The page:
If you’re dreaming of off-road adventures in your Dodge Ram, the last thing you want to do is make a rookie mistake. Mudding is a great way to blow off steam but it also requires some preparation and knowledge to be done safely. Follow these 15 tips and you’ll be a mudding pro in no time.
1. Fill up your tank
Sure it sounds basic, but who hasn’t been stranded by the side of the road with an empty gas tank at least once? When you’re off-roading in the middle of nowhere, it’s even more important to make sure your gas tank is full before you hit the mud.
2. Get the right type of tires
Your Dodge Ram can handle the mud, but if you’ve only driven to the grocery store before you better check your tires. Make sure your rig is sporting a high-quality set of all-terrain or mud-terrain tires before you head out mudding.
3. Don’t slow down
When you’re out in the mud, it’s easy to get stuck. Most newbies panic when they feel the tires sticking and slow down, which only makes the tires sink further into the mud. Try rocking the wheels from left to right to help the tires regain traction instead.
4. Don’t spin your wheels
If you’re well and truly stuck, it’s time to stop. The more you spin your wheels, the more stuck you’ll get. Get out of the truck and assess the situation instead of digging yourself in deeper.
5. Bring your shovel
One of the most important things to bring mudding is a shovel. If your wheels get stuck, you’ll be glad you brought it. Digging out your wheels is a great way to avoid having to be towed out of the mud.
6. Rock out your stuck truck
Before you give up and let your buddies tow you out, try rocking gently from drive to reverse. This motion can sometimes help free your tires from the mud and regain traction, and it’s a good last ditch attempt before giving in and accepting a tow.
7. Check your tow strap capacity
Odds are you’ll need to be towed out of the mud at least once so make life easier by having a tow rope handy that’s rated for at least double the weight of your truck. Your buddies will thank you—after they finish laughing at you.
8. Bring a spare tire (and know how to change it!)
Mudding can wreak havoc on tires, and it’s important to make sure you have a working spare and everything you need to change a tire before you head out on your next adventure. If you don’t know how to change a tire, now’s the time. It’s a lot easier to learn in your garage than it is in the middle of the mud.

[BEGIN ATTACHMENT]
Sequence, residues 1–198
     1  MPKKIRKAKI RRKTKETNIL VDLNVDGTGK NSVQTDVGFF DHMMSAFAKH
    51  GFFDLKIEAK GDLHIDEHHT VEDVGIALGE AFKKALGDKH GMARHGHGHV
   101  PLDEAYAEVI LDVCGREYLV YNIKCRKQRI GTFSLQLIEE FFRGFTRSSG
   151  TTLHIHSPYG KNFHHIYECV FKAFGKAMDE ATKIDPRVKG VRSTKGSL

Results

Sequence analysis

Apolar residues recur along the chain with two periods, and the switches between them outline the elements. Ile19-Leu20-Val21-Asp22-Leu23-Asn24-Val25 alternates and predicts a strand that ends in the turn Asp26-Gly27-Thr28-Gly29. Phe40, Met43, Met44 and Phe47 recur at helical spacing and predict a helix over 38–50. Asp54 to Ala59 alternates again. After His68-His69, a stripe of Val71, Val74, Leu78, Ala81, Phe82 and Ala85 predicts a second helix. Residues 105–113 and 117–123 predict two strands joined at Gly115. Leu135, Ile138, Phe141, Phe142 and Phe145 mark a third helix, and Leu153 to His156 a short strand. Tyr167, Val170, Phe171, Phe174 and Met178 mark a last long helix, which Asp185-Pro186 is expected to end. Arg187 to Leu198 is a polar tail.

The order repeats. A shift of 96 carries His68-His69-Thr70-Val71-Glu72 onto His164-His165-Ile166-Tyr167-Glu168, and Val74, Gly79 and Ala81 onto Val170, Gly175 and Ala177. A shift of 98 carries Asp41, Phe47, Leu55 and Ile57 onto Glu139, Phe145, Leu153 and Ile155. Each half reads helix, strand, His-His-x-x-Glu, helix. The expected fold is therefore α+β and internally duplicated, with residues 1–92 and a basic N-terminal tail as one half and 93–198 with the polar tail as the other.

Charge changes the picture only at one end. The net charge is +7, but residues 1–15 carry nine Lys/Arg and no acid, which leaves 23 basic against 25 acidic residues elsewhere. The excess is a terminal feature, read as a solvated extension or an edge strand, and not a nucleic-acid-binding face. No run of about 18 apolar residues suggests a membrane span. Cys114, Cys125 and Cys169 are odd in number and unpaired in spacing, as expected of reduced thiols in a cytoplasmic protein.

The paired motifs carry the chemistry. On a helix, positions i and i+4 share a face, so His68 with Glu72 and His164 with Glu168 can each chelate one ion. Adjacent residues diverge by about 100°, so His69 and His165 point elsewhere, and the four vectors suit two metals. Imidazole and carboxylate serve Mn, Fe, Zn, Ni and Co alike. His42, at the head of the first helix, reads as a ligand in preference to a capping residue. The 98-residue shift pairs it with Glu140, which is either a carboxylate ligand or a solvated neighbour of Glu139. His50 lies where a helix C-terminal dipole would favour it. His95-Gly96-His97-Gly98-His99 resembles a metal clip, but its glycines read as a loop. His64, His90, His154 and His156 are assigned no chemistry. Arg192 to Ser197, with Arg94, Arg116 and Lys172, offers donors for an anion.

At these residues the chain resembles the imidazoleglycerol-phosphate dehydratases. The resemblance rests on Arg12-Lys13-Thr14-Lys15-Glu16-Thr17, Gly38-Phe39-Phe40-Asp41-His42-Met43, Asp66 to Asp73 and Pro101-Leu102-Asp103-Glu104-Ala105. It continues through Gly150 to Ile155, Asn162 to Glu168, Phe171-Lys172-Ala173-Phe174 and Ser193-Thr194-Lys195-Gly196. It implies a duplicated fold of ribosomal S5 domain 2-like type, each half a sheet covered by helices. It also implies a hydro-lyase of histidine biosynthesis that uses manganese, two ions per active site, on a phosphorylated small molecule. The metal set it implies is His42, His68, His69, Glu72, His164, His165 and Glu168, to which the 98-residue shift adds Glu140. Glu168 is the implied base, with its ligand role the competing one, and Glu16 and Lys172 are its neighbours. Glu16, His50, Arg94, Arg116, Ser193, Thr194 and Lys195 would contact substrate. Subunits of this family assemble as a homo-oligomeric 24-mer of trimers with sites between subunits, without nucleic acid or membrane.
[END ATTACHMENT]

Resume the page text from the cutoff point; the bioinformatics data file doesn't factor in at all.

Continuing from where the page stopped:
9. Don’t be that guy (or gal)
It’s tempting to speed out into the mud and start spinning, but those impressive moves won’t last long. When you start spinning in mud, you’ll quickly lose control. Restrain your urge to spin and you’ll be glad you did when you’re not the one who ends up in a ditch (or on YouTube).
10. Be safe
Every car should have a first aid kit, but it’s even more important to be prepared before you go mudding. Minor injuries will happen and you don’t want to be caught unprepared. A charged cell phone in case of emergency is also important when you’re in cell range; two-way radios can work to keep you in touch with your buddies when you’re not.
11. Tell your friends
If you’re setting out on your own, make sure someone knows where you’ll be and when you’re planning to be home. A simple text or post on social media will let everyone know where you are in case you get hurt.
12. Bring the right gear
You may not be planning to stay overnight, but it’s important to make sure you can if the need arises. Stock your truck with basic survival gear like water, food, warm clothes, a sleeping bag and other basic necessities in case your truck breaks down or you end up stuck.
13. Keep your hands in the truck
It might be tempting to use your hands to push off a rock, but it’s a good way to lose an arm. Keep your hands (and legs!) in the truck when you’re mudding.
14. Test the mud
Before you ride into the mud, use a stick to test its depth. If it’s six inches or deeper, it can easily swallow up your tires. Stick to shallower mud and avoid mud holes that will suck in your tires in no time.
15. Wear your flip flops
Especially the cheap ones. You’re going to lose them when you have to hook up the tow rope, anyway.